In "Bearing Witness to the Hard History of Guilford," Jenifer Frank tells the story of a curriculum project designed to help students make connections between the town they live in and the enslaved people whose labor built it. In this activity, students will read about this and another local history project designed to foster such connections. Then, they will use primary sources to research the hidden history of their community.
Librarians and archivists can help educators locate primary sources that bring students closer to local history and struggles for justice. This toolkit explains how you can follow the lead of the educators who designed both the Guilford slavery curriculum and the Buncombe County Slave Deeds Projects. It also offers suggestions for engaging students (grades 9-12) with evidence of the human lives who were involved in shaping the local community.
- How can primary sources help us learn about our local history?
- What are some of the major themes of justice/injustice and freedom/oppression in our community's history?
- Where can we go and whom can we ask for help if we have questions about our local history?
- Explain to your class that you will be researching local history by investigating the lives of people whose stories, while integral to this history, are often overlooked.
- Split your class in half. Distribute "Bearing Witness to the Hard History of Guilford" to one half and "Doing History in Buncombe County" to the other. Ask each student to read the story they were assigned and make notes using this graphic organizer.
- Bring the class back together. Ask your students to get into groups of four, in which two students read about Guilford and two students read about Buncombe County. Ask your students to educate each other about the articles they read and to address these questions:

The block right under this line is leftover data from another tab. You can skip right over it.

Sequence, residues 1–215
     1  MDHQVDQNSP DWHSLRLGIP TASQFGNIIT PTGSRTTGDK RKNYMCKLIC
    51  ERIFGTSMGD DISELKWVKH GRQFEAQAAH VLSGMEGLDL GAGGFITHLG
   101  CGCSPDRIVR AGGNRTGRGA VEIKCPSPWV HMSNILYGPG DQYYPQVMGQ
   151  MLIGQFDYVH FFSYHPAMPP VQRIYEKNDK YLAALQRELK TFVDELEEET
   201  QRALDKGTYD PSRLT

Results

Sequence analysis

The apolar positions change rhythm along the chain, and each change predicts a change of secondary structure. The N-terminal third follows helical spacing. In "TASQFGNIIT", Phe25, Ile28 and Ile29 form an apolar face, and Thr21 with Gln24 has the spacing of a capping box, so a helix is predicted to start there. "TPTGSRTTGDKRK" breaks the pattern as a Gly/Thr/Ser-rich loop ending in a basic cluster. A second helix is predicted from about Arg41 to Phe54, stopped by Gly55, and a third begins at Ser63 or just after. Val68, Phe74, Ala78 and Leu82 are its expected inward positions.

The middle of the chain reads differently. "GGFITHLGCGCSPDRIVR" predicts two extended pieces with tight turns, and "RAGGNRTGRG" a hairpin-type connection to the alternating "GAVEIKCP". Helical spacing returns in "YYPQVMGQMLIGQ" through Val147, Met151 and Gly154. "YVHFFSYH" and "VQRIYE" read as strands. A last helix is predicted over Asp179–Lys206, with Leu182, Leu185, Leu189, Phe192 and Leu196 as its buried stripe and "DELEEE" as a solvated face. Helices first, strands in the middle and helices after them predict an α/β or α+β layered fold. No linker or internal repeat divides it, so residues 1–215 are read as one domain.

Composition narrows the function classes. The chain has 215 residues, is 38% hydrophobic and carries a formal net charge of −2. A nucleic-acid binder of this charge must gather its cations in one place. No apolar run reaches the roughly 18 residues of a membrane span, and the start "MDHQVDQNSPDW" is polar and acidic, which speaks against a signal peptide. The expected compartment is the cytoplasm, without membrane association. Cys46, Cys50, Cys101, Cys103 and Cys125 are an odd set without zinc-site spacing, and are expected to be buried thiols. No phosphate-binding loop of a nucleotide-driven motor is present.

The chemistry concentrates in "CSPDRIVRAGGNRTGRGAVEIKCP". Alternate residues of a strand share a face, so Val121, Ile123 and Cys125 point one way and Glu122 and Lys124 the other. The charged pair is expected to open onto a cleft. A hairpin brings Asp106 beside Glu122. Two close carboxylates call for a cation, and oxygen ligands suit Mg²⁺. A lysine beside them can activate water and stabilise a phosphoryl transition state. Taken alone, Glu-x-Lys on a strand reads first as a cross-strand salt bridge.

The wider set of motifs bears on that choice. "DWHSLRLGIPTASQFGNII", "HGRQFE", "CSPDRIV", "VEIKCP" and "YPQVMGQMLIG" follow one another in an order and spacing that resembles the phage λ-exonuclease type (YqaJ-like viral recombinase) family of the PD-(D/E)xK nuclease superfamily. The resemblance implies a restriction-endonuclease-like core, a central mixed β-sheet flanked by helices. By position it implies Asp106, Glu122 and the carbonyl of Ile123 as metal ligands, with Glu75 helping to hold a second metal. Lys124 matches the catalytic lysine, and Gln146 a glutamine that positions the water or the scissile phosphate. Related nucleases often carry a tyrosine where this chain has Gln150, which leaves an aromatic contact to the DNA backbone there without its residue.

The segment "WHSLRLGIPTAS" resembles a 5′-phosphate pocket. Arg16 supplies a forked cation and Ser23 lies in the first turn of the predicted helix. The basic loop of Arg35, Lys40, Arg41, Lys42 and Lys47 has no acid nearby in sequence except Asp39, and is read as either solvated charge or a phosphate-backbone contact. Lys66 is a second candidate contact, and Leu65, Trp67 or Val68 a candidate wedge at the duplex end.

- What is the difference between reading primary sources and reading about history in a textbook?
- What do you know about the history of our community?
- What do you know about the groups of people who lived here over time?
- What questions do you have about our local history?
- What injustices have happened in the history of our community? How are these relevant today?
- Consult your school librarian(s), a local reference librarian (if there is a higher ed. institution in your community, the history librarian would be a great resource) or archivist. Explain to them that you are looking for primary sources that will expose your students to local history and struggles for justice. You might want to share "Bearing Witness to the Hard History of Guilford" and "Doing History in Buncombe County" with them so they have a sense of the type of primary sources you are looking for and your overarching objective. Together, select a set of primary sources that will be the basis for the project. Set up a time when you can bring your students to look at the primary sources.
- Visit the library or archive with your students. Follow the librarian or archivist's lead in terms of examining, reading, questioning and discussing the primary sources. Ask the librarian or archivist to explain how they found the sources, where they are stored and why they are essential to the community's history—and to all community members.
- Ask students to work in pairs and write 1) a list of five things about local history that they learned from studying the sources and 2) five questions they have. Give students an opportunity to discuss these questions with the larger group. Chart students' responses.
- Once you are back in the classroom, ask your students to consider the idea that present-day documents and objects could be primary sources housed at libraries and archives in the future. Have them share their thoughts about which documents and objects would most accurately capture their identities, experiences and community to a future audience. Use the following questions to prompt discussion and reflection:
- How might future generations come to think about our present-day community based on primary sources?
- Do you think every primary source from [insert year] would be an accurate reflection of our identities and experiences? Why or why not?
- What "silences" might appear in the future historical record of our present-day community? Whose voices might not be preserved?
- What steps can we take to ensure that the primary sources that enter the historical record represent all identity groups in our community?
- How will a future audience—through primary sources—look at social justice issues in our community?
This toolkit was adapted from the toolkit for "Doing History in Buncombe County."